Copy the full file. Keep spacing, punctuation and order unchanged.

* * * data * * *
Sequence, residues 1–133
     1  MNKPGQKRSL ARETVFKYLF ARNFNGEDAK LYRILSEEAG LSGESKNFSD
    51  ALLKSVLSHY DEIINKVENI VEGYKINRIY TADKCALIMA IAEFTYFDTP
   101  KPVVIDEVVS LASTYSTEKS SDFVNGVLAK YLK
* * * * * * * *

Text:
Sequence, residues 1–133
     1  MNKPGQKRSL ARETVFKYLF ARNFNGEDAK LYRILSEEAG LSGESKNFSD
    51  ALLKSVLSHY DEIINKVENI VEGYKINRIY TADKCALIMA IAEFTYFDTP
   101  KPVVIDEVVS LASTYSTEKS SDFVNGVLAK YLK